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By John Helmer, Moscow

Jonathan Haslam, an Englishman employed by Anglo-American universities to report Soviet and Russian political, military and espionage history for the past century until now, suffers from a tic.  That’s tic as in fanatic, the adjective Haslam applies to everyone who is a target of his history. But look again: Haslam’s tic turns out to be a symptom of the one-eyed man who believes he’s king (professor) in the kingdom (university) of the blind.  

Haslam reports that Felix Dzerzhinsky, the Bolshevik founder of the Cheka, was a “former religious fanatic”. The Latvian troops supporting the 1917 revolution were “both fanatical and efficient”. Naum Eitingon, Dzerzhinsky’s staff man in charge of undercover operations, was “a fellow fanatic”. The international Communist movement created by Moscow, the Comintern, “exported a steady stream of fanatical recruits”. The Cheka’s foreign department was organized “fanaticism”. Gleb Bokii, appointed by Vladimir Lenin in 1921 to create a special decryption service, was not only Lenin’s friend,  he was also a “fanatic”. The tic doesn’t stop when the KGB expanded under Nikita Khrushchev’s appointment of Ivan Serov as chairman. According to Haslam, Serov was a “fitness fanatic”.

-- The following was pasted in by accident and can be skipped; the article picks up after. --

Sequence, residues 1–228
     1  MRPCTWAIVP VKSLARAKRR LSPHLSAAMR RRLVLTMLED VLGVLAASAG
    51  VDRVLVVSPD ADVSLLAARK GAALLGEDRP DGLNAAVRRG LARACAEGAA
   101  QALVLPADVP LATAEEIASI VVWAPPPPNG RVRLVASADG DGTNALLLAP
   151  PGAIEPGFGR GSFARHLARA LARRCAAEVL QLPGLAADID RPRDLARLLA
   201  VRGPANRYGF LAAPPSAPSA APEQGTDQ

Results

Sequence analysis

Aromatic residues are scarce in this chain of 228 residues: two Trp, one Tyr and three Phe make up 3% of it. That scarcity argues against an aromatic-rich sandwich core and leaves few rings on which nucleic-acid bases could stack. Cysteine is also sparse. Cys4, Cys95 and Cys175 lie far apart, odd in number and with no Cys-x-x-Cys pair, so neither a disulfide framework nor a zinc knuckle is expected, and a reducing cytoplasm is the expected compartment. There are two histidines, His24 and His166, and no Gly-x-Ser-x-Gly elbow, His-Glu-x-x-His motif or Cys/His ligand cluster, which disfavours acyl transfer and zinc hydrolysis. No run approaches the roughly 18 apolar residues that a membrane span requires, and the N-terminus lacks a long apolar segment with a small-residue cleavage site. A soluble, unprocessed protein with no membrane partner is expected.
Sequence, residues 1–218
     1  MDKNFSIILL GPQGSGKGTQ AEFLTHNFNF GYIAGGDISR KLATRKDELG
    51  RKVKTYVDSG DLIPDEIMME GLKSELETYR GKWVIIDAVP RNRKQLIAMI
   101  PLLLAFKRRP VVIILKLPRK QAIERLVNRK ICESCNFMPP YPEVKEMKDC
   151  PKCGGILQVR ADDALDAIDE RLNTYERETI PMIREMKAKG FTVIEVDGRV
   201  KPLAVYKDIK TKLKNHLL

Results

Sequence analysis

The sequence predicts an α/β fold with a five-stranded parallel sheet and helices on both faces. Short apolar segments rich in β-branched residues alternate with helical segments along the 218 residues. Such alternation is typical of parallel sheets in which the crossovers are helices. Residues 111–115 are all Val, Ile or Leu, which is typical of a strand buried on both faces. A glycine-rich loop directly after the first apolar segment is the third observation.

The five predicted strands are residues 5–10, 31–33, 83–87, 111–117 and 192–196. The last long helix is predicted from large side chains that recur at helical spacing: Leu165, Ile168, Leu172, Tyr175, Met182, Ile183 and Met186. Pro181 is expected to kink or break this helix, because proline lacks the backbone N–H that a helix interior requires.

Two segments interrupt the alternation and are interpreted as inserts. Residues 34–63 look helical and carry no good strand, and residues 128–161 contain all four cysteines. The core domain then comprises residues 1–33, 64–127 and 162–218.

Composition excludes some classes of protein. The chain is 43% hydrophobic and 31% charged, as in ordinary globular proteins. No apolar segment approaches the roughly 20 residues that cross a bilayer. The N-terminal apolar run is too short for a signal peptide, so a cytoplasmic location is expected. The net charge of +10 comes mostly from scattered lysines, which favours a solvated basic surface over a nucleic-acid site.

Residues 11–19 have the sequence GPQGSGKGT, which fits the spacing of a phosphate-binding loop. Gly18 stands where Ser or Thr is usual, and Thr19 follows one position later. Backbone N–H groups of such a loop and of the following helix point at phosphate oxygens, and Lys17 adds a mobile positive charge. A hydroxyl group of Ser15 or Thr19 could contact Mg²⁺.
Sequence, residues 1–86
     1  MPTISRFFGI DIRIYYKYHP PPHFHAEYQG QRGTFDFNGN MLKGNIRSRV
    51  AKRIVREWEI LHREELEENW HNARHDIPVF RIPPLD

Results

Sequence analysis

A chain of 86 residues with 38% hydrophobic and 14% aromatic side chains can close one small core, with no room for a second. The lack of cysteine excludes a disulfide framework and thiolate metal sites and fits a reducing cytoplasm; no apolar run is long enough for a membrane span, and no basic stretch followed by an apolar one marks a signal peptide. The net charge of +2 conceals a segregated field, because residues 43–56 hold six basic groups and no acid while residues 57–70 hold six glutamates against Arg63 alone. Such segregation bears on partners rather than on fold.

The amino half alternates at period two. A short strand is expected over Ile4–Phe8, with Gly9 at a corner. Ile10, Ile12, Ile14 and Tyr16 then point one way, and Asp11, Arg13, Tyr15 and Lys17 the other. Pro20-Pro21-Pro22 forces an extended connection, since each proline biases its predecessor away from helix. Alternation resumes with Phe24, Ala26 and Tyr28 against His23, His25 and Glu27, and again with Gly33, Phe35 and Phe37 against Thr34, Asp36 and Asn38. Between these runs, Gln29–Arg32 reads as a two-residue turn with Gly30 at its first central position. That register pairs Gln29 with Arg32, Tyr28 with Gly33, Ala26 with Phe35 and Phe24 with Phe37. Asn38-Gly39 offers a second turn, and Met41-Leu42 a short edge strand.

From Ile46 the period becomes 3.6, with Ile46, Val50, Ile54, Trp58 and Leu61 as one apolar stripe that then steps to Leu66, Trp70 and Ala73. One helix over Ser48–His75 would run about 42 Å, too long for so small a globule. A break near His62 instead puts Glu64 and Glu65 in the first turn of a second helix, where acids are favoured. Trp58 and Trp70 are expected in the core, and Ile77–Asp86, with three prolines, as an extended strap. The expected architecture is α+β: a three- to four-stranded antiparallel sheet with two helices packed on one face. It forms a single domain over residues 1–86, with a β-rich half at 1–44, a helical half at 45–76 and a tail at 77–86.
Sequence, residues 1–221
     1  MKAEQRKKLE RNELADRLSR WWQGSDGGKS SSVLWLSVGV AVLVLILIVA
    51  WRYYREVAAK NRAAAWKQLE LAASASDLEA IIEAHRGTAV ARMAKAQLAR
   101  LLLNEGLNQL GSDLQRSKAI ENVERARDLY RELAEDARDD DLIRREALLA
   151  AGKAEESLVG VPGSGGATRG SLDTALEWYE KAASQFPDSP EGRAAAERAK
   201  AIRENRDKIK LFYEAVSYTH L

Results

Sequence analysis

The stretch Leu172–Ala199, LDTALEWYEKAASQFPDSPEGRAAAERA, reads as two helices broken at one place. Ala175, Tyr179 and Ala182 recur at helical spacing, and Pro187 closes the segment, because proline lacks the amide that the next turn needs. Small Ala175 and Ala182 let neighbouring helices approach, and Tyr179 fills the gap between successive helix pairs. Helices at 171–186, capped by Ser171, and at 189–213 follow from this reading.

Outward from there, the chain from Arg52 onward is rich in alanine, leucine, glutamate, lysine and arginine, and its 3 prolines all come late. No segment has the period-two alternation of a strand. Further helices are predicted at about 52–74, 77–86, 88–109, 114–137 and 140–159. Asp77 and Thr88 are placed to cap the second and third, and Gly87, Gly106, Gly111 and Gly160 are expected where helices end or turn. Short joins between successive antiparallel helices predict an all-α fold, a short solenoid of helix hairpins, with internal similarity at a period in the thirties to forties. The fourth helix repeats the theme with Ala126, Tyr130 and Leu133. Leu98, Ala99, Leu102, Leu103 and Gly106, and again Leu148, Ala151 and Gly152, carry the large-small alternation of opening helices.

Haslam makes sure his readers understand his sexual orientation towards Bolshevik and Soviet agents, and also towards their religious orientation if they were Jewish. Here is a short sample of from the long list of male agents with the physical or physiognomic features Haslam considers to be of vital historical interest to record today:

  • Bogdan Korbulov “was ugly – small and fat with a vicious temperament to match”.
  • Alexander Korotkov – “tall, handsome, athletic”.
  • Filipp Golikov – “short, no more than five feet two inches…stocky…completely bald. His face…rather unpleasantly flushed.”
  • Pavel Sudoplatov – “small but well-built, with sparkling black eyes under heavy eyebrows.”
  • Yakov Golos – “a small man with simian features, close-cut frizzy hair, and a dome of a forehead.”
  • Viktor Abakumov – “a good-looking man with ugly ambitions”.
  • Alexei Bosik, another of Haslam’s small men, this one “with a high-pitched voice and jet black hair (hence his nickname ‘Gypsy’).”
  • Dmitry Polyakov – “a pleasing smile”.
  • Nikolai Lysenko – “a miserable-looking man, but a formidable operative”.

Haslam is breaking no new ground to conclude thus that appearances can be deceiving, especially in espionage, so it’s unclear why he pays such repetitive attention to these details.